Michigan state lawmaker seeks ban on debarking dogs

Michigan state lawmaker seeks ban on debarking dogs
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A Michigan state lawmaker is introducing a bill that would ban the surgical "debarking" of dogs, The Detroit Free Press reported Friday.

The bill, which was introduced by Democratic state Rep. Tim Sneller, places a ban on the procedure that removes tissue from a pet’s vocal cords, resulting in a significant softening of a dog’s bark.

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“That’s the way the dog communicates with us,” Sneller told the Free Press. “To have this done just because you don’t want to hear a dog bark is cruel and unusual punishment.”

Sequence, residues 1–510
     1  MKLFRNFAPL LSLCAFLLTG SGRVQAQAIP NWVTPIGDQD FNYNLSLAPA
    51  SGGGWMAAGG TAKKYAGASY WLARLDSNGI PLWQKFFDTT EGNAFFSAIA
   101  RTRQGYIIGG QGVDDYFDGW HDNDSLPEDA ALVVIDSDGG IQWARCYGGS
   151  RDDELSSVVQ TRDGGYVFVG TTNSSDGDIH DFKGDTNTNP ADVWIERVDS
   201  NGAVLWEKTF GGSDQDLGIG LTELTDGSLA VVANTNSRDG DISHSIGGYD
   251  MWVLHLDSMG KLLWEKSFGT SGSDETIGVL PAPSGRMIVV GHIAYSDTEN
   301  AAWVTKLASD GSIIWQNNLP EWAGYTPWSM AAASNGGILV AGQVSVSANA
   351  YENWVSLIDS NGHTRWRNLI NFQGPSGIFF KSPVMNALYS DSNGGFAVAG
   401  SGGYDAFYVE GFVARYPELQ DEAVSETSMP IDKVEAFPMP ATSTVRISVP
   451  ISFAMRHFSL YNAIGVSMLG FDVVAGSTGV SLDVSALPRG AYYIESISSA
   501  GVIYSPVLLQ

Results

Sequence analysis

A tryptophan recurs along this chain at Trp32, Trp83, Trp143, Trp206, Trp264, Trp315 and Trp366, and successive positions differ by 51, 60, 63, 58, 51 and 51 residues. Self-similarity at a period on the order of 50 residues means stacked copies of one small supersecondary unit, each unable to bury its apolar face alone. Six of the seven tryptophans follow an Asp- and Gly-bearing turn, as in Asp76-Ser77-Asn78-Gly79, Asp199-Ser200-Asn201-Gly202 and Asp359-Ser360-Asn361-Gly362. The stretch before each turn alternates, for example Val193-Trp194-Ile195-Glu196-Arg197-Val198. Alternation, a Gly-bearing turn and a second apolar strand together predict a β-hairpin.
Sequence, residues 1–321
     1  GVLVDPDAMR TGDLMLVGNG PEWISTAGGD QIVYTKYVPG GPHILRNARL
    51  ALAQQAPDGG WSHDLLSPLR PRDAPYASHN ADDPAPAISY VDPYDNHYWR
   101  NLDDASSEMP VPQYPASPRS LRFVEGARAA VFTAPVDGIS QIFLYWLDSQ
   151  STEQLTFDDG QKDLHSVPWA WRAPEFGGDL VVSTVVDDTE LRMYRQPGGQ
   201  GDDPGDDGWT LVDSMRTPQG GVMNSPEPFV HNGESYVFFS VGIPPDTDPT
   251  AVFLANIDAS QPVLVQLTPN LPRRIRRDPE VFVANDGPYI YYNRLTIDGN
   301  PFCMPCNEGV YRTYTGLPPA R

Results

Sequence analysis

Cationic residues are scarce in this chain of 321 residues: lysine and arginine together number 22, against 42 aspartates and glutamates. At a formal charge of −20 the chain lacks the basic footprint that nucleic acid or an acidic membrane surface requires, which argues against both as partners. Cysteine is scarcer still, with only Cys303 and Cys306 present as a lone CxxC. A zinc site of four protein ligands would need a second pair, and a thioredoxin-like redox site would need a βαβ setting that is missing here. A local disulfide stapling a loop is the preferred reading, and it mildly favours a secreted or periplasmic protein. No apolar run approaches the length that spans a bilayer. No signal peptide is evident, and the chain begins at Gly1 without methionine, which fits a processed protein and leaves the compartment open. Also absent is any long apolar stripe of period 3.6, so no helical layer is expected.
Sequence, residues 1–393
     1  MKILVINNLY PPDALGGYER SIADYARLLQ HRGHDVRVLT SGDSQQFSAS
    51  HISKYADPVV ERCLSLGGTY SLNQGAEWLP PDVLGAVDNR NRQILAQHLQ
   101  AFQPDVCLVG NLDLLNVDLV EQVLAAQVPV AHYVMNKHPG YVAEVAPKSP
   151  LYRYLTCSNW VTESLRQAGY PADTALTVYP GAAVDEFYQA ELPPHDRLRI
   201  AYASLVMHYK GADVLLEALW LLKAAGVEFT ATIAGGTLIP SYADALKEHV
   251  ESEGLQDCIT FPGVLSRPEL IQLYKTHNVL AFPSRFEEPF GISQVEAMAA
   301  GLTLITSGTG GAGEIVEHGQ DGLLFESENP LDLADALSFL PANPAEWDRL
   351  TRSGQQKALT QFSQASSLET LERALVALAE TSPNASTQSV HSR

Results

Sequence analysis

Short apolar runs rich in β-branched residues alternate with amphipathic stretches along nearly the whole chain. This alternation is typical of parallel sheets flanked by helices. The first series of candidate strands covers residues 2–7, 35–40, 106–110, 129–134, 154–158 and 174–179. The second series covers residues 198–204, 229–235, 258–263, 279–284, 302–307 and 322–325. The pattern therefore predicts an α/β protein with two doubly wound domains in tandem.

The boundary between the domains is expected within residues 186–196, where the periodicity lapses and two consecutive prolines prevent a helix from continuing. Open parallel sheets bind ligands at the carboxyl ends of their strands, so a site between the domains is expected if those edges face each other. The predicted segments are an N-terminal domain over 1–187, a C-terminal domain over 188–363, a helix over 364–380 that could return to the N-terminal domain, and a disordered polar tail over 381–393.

Sneller said that he doesn’t see the bill “going anywhere, but it was really a point to bring the issue up and urge dog owners to think about it before you do it.”

"Before you rip out their vocal cords, take your dog to training,” he added.

Four states — Massachusetts, Maryland, New Jersey and Pennsylvania — already have laws that ban debarking dogs in most circumstances, according to the American Veterinary Medical Association. California and Rhode Island have laws in place that outlaw landlords from requiring the devocalization in their tenants' pets.

The veterinary association's official stance is that debarking dogs is only necessary as an alternative to euthanizing a dog.